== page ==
DELTA JUNCTION, Alaska - I hate to admit it, but Alaska finally has me in its cold, icy grips. This is the grip that drives greenhorns south. The grip that sourdoughs revel in while talking about how long they’ve lived here with their superior pose and a twinkle in their eyes.
I’m not happy about it.
It’s not that I don’t love this state in all its wonderful whiteness, but this year I am positively jaded by the arrival of winter. It seems like we didn’t have the greatest summer and now we’re facing seven months of winter.
It doesn’t help that in late September I got to travel to a place that was positively bursting with green and was still bursting with green when I left it in October. It doesn’t help that the wood in my yard still has to be bucked, split and stacked. It doesn’t help that I just got off the phone with my sister-in- law who lives in Michigan and is heading out for a 20 mile bike ride in 60 degree weather.
Bitter, party of one, your table is ready.
OK — got that off my chest. Now, let’s take a trip around the globe to see where it could be worse.
In the Lower 48, International Falls, Minn., and Fraser, Colo., have long duked it out for the title of “Icebox of the Nation.” The record low for International Falls is minus 55 degrees set on Jan. 6, 1909. In Fraser the record low is minus 53 degrees. The average high for Fraser in January is 28.5 degrees and the low for January is around minus 5.4 degrees.
In International Falls in January one could expect an average high temperature around 13.8 and an average low around minus 8.4. (That makes International Falls colder — they win.) But Fairbanks records indicate even colder averages. In January we can expect an average high of around 0 degrees and an average low around minus 19 degrees.
The record cold for Fairbanks is minus 66.
There are climate tables out there that suggest Fairbanks has the record for the widest span of temperature: 99 degrees in summer and minus 66 degrees in winter for a span of 165 degrees (I’m starting to feel proud.) But this doesn’t come close to the climate records from Verkhoyansk in Siberia, where the lowest recorded temperature is minus 94 degrees and the record high is 98 degrees — a span of 192 degrees. Now that’s a span to brag about.
Alaska holds a lot of distinctions when it comes to cold weather records.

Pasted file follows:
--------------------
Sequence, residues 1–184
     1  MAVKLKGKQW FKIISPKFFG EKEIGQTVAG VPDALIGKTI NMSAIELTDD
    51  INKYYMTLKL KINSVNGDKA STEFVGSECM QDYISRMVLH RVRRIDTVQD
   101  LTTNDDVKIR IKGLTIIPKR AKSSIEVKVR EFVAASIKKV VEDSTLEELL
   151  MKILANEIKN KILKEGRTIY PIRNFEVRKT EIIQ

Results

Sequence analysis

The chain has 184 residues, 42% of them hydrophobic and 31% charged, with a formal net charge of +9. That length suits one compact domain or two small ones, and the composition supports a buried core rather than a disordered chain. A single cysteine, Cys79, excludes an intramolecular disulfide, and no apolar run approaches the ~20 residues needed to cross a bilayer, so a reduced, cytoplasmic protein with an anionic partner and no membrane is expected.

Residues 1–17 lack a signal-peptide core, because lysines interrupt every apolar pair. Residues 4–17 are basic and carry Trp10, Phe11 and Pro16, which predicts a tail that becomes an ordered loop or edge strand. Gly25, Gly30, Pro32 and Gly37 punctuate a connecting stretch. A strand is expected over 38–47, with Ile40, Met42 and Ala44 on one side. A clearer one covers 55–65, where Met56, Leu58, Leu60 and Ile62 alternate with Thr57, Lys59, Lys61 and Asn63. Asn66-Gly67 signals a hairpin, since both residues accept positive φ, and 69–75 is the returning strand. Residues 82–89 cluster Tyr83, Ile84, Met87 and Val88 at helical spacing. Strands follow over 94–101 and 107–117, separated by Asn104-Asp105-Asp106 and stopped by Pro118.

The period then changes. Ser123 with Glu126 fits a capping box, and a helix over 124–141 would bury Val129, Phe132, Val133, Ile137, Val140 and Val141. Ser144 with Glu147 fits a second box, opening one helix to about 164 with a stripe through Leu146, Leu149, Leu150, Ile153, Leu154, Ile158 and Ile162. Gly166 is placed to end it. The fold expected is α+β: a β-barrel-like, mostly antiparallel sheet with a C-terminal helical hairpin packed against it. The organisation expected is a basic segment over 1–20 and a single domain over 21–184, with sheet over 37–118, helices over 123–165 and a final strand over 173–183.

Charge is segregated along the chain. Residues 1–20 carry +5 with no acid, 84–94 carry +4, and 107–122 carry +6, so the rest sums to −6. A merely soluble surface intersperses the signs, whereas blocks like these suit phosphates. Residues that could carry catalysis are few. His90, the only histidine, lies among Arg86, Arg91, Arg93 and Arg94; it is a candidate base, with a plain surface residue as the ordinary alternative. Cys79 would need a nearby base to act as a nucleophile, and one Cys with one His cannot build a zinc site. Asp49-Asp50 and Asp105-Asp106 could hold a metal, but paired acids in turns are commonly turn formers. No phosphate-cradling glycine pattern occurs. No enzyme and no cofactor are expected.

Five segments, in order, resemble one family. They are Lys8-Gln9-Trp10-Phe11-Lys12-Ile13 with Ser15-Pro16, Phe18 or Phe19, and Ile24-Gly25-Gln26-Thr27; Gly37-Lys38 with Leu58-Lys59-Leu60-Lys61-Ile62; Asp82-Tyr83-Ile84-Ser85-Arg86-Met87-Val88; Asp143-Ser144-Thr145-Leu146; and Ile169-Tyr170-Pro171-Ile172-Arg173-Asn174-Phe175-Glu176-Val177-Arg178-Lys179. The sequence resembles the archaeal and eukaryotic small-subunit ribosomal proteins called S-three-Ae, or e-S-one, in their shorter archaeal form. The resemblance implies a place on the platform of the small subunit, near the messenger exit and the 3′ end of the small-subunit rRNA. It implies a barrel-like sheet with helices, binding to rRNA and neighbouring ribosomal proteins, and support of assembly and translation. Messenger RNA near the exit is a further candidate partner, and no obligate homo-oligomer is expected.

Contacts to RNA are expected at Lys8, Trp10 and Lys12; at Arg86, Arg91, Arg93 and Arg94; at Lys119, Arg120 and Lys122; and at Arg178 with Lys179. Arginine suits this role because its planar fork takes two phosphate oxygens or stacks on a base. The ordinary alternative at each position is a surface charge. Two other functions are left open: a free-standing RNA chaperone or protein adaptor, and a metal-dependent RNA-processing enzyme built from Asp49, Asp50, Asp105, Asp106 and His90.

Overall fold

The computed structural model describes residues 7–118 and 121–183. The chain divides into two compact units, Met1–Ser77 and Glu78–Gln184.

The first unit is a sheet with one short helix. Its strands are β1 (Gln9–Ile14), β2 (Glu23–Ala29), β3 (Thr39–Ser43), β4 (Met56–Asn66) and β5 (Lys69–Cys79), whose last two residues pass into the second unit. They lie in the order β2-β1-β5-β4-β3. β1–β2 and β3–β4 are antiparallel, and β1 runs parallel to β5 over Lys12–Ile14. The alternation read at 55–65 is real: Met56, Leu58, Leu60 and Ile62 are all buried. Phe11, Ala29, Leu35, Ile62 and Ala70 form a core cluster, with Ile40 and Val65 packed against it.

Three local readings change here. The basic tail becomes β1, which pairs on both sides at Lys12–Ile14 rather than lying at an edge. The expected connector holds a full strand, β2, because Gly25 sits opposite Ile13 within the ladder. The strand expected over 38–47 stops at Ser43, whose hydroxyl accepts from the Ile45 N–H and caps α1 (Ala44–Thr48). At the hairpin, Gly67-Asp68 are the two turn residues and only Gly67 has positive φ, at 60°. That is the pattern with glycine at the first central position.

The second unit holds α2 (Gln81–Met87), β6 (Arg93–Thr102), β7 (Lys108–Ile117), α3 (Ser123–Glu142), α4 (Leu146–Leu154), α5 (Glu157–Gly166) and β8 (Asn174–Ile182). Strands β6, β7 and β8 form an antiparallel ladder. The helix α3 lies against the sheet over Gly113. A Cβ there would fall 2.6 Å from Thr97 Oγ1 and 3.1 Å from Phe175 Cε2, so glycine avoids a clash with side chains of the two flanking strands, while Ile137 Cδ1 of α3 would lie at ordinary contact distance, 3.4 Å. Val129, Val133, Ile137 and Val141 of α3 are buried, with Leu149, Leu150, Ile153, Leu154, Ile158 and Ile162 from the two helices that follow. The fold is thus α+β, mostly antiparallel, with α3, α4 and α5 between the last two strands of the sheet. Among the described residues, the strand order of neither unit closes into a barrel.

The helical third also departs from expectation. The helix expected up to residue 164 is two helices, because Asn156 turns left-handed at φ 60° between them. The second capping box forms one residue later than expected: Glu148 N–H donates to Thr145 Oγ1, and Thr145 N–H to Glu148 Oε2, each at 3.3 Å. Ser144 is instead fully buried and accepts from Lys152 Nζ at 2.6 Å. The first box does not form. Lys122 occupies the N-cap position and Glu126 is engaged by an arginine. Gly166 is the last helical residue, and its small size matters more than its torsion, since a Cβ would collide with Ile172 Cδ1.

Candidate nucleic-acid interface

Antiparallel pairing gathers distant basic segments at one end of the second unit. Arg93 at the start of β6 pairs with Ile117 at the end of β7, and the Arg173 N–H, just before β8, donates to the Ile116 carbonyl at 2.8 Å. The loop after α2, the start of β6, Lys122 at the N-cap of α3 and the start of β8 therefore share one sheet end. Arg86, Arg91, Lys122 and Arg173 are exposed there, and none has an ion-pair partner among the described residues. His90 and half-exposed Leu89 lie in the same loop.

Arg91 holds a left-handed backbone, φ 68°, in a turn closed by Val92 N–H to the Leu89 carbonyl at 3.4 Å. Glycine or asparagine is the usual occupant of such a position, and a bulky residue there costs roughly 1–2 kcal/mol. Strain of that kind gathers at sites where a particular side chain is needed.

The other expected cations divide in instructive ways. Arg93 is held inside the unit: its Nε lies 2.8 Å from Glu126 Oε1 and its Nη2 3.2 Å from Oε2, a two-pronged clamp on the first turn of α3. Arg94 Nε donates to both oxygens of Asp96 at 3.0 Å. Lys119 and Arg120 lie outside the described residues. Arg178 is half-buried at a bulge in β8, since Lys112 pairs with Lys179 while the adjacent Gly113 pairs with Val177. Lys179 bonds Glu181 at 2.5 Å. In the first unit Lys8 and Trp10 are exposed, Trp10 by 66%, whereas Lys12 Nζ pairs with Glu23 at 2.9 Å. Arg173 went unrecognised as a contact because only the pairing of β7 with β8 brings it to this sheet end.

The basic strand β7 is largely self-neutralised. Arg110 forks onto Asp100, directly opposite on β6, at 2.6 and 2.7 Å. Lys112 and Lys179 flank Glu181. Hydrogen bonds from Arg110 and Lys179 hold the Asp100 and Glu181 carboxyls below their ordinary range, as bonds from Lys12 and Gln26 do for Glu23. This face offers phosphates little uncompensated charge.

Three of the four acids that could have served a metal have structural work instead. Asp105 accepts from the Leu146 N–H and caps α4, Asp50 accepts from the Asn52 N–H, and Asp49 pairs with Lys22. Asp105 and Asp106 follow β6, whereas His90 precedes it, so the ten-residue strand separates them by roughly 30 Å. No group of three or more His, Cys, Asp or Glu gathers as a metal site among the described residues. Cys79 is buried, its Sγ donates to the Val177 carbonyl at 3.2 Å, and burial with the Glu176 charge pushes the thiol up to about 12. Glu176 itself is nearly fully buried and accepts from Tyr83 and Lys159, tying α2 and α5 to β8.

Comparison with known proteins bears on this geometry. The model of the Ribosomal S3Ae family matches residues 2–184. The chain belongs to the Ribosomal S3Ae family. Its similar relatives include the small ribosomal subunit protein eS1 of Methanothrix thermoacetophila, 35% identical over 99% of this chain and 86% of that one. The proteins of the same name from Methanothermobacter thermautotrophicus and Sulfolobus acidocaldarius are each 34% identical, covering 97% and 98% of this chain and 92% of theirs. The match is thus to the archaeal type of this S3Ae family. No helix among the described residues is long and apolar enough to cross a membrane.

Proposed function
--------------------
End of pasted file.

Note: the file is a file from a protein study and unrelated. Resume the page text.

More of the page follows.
Barrow can boast the title of coldest year-round climate in the United States with an average mean temperature of 10.4 degrees. Of course, the coldest temperature ever recorded in Alaska was minus 80 on Jan. 23, 1971 at Prospect Creek on the Dalton Highway. This is not far off the record low for North America held by Snag, Yukon. The thermometer bottomed out at minus 81.4 on Feb. 3, 1947, a record that stands some 40 years later.
In the “it could be worse” category we make a nod to Oymyakon, Russia, a place commonly referred to as “one of the coldest inhabited places on earth.” This village of a few hundred people endures an average winter temperature of minus 49 degrees while the record low is minus 96.2. They don’t close the school until the temperature reaches minus 61 degrees, and not surprisingly, not much grows there. The locals rely on reindeer farming, ice fishing and hunting to sustain them.
We in Alaska are proud of our harsh climate, and I guess I just needed to remind myself of the uniqueness of our state extremes (the coldest I’ve ever seen is minus 60.) Oh, and I want to give a shoutout to Tok, which endures some pretty harsh temps in the winter and dubs itself the “coldest inhabited community in North America with warm, friendly people.”
Good luck, Tok. Better you than me.
My mukluks are by the door, my parka is out and my attitude is adjusted. I think I’m ready for winter Girl in the Woods.
Brookelyn Bellinger is an independent filmmaker and author of the book “The Frozen Toe Guide to Real Alaskan Livin’.” Send your questions to email@example.com